Why he remained a bachelor, no one really knew but both the legal and illegal stories did the rounds. But at that moment, all that never mattered. I would have hated to admit it then but I stared for a moment too, perhaps a moment too long because his gaze quickly caught ‘the dazed first-bencher, me’ for a fleeting second. I think he was perhaps too used to it by then, these ‘stares’ or ‘gazes’, whatever you would wish to call them. It isn’t a big revelation if I told you that I had fallen in love with him by the end of that class. I am sure every girl in that fully-packed class did, only that they went on to find their own boyfriends a few months down the line. Going gaga about him now and then was typically ‘open flirting’, well knowing that it would amount to nothing because it was never going to materialize, (oh, come on we had at least twenty three years between each of us and him!) which later turned to be all but fleeting passions once new men entered their lives. Did I say ‘theirs’?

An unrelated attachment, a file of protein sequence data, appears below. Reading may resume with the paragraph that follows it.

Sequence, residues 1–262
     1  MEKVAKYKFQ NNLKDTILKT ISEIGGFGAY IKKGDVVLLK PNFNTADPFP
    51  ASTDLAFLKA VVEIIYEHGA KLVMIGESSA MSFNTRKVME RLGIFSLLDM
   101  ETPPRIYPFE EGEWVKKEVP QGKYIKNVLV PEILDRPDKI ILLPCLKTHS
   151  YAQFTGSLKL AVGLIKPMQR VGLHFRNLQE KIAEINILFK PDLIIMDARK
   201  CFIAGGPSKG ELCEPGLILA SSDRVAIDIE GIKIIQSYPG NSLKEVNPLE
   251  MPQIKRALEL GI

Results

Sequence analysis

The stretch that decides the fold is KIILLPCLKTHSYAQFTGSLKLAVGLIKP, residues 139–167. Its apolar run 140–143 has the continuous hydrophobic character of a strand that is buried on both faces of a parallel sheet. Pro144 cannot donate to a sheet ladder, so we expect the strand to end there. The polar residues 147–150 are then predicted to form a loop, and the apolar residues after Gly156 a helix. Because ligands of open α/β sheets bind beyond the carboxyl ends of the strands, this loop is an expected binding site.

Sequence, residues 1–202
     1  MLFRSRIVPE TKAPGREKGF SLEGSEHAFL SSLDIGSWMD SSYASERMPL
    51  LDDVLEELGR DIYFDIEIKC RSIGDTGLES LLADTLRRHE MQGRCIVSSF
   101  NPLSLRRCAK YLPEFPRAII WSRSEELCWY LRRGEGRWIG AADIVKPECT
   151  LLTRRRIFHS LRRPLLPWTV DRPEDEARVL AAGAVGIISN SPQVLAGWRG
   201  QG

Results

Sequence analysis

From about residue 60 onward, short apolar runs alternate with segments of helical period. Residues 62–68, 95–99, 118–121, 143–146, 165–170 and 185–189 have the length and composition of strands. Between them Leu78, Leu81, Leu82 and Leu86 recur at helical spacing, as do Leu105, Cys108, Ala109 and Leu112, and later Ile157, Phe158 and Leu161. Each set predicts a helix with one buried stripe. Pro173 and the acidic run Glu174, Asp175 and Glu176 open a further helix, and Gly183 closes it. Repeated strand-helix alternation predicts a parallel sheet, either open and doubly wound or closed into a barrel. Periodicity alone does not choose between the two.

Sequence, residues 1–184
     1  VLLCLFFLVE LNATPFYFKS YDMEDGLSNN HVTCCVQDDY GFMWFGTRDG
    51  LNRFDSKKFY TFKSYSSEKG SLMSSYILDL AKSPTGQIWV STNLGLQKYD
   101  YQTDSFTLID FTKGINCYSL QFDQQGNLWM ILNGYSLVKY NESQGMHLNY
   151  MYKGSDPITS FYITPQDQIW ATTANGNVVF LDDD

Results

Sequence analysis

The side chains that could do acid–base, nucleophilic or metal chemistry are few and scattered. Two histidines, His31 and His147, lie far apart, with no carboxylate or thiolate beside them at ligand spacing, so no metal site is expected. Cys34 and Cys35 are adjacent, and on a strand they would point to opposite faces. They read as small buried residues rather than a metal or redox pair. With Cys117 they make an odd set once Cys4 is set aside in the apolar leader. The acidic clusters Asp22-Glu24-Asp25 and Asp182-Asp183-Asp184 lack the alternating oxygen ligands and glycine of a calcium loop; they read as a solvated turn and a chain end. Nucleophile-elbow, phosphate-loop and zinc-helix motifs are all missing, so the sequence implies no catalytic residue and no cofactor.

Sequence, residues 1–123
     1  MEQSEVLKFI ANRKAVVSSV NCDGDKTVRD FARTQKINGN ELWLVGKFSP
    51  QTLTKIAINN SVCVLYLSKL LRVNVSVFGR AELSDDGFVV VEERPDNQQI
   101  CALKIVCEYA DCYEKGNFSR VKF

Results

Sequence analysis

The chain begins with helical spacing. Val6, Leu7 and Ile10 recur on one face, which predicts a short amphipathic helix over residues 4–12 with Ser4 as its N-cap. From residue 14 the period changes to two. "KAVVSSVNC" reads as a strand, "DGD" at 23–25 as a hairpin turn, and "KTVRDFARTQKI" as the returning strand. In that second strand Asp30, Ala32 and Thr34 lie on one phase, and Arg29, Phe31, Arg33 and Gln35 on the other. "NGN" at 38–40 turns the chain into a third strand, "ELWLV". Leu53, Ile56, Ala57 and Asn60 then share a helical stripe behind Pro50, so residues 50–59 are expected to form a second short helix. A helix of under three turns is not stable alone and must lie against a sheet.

Yes, I have most conveniently excluded myself because I never found the right man for myself, so to speak. A few months into the first semester, night sessions at the hostel were filled with stories of love – ones that were sending out signals of beginning to bloom – indications of that feeling that it is a little over the usual liking; then there were ones that were almost at the stage of confession; and there were those that were fully-bloomed love stories. Love hung in the air, literally, apart from of course a zillion courses – ranging from Calculus to Optics to Inorganic Chemistry to Engineering Drawing!

For most men and women in my batch (I say men and women because experience was teaching us certain things and we were maturing in certain ways – making that transition from boys and girls to men and women), academics and fill-in meetings with their sweethearts during college hours, and post-evening dates filled the calendar. Where was I in between all this?

Now, I have to define my idea of men. I wouldn’t be surprised if you thought that I don’t like men, given that I have no personal romantic stories to boast of in the first semester. Frankly, I had many friends who were guys, and only a handful of ‘girl’ friends, none extremely close. In fact, barring a few, I found most girls to be silly and so full of farce and stupid dreams.